Galli then moves toward the idea of how individuals choose to behave in public settings. He presents a simple scenario where a waitress spills soup in a person’s lap. Here, he equates a person to be inauthentic rather than authentic. The reason for this? Because if we are true and genuine to ourselves, we would allow our private self come out and chastise the clumsy waitress for ruining a special night. True, that is an attribute of human behavior. However, what is missing here is not so much the incident itself, but how people respond to such incidents. Meaning, being an authentic Christian actually requires one to be humble and forgiving no matter the incident, to include owning up and taking responsibility for the thoughts and feelings that were triggered. In which case, the individual, being authentic to his/her Christian values will not only forgive the clumsy waitress, they will also ask the waitress for forgiveness because of the very seething thoughts and feelings they had.
Galli continues with another scenario where he equates inauthenticity with a person being well-mannered. This, he does so by creating another hypothetical scenario where an individual feigns interest in a portrait. The conclusion drawn here is that individuals much rather be around people who are inauthentic and well-mannered than an individual with table manners of a five-year-old boy who say whatever they think. The problem with this is that Christians who strive to live authentic are not ill-mannered, in comparison to a five-year-old boy, they are striving to be well-mannered in their dealings with family, friends, co-workers and within their respected community.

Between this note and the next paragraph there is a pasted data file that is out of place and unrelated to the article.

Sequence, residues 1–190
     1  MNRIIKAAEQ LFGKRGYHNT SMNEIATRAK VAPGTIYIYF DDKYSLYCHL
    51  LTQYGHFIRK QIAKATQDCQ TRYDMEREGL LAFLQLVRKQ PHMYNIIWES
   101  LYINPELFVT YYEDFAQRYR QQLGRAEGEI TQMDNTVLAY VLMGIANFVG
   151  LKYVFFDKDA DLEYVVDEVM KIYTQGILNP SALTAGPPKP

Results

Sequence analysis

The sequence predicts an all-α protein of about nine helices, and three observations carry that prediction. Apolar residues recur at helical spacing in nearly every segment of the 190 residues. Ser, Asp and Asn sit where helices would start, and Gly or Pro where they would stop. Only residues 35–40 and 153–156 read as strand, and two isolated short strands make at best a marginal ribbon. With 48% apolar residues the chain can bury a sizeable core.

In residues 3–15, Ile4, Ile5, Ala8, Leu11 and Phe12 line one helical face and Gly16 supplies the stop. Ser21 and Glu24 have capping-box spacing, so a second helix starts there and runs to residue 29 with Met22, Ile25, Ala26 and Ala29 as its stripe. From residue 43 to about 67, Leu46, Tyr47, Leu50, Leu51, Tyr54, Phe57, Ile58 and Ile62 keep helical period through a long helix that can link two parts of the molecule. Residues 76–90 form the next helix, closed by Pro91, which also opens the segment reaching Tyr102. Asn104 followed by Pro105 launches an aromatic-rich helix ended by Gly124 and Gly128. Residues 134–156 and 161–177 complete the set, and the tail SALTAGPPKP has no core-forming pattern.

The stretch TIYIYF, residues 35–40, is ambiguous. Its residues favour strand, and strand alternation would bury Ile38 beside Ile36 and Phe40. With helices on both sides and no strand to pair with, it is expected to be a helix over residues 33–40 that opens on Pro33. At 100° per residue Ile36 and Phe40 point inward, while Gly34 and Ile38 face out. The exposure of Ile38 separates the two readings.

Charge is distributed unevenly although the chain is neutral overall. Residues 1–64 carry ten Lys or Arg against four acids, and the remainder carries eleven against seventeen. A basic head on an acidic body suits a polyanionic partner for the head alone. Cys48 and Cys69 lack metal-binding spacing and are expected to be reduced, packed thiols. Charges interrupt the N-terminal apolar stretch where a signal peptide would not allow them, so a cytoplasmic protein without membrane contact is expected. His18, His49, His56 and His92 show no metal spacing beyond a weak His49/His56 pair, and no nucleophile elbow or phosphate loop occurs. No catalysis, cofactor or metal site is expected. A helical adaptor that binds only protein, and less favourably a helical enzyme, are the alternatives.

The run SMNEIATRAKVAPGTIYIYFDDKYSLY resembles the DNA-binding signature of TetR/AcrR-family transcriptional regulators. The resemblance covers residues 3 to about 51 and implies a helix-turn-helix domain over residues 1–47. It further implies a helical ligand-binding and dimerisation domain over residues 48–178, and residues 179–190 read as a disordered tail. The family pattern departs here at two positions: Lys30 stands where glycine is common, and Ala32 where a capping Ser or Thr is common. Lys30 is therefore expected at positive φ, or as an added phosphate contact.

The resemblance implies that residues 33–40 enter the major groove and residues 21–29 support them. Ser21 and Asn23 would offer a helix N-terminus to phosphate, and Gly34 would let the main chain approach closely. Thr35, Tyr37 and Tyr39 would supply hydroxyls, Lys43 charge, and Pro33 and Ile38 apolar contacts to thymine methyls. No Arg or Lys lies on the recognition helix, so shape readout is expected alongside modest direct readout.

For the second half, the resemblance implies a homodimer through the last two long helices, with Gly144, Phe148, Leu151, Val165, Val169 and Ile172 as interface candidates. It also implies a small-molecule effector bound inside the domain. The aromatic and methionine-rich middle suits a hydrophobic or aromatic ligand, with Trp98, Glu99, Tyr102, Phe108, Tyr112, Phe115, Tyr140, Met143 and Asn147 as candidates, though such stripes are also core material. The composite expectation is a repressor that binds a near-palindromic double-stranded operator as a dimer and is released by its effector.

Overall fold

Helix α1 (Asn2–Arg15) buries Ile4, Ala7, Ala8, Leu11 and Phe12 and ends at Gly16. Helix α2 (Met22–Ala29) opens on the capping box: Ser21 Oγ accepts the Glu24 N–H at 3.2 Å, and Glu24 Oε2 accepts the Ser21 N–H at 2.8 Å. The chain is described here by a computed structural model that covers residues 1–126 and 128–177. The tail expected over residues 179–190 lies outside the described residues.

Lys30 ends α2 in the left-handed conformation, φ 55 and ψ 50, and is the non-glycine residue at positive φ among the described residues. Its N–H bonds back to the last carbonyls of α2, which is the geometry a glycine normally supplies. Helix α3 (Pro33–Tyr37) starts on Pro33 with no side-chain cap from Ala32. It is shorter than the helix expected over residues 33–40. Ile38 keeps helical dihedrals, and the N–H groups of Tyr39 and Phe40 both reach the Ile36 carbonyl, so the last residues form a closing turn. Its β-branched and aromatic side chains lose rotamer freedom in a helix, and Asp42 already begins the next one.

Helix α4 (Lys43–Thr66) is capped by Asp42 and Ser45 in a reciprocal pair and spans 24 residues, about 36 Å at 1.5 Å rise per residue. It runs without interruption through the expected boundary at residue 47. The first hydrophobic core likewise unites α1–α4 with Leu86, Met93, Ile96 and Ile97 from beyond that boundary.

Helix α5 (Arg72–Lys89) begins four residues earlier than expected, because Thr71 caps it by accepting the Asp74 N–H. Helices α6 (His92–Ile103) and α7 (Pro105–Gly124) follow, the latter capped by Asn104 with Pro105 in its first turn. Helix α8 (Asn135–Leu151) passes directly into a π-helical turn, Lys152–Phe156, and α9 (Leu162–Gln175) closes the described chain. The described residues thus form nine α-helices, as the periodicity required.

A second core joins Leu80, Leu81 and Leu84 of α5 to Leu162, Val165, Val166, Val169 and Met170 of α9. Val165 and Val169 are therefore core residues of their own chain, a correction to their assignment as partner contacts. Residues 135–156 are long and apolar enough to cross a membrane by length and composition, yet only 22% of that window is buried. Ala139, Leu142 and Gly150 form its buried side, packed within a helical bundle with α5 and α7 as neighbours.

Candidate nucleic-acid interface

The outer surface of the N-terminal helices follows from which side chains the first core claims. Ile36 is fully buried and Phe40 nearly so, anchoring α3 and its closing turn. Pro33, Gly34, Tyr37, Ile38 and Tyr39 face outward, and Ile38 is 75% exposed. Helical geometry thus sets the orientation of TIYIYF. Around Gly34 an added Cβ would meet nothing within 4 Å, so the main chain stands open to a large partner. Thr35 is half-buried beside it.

What he is ultimately missing here is the aspect of living an authentic life is not merely living true to oneself: Living an authentic life is where a Christian lives true to his or her core values and beliefs. For the Christian, to live contrary to their core values and beliefs, is to live an inauthentic Christian lifestyle. Yes, it is a struggle when we take a look at the way social culture is going. However, we do not have to appear fake and pretend in order to be considered well-mannered.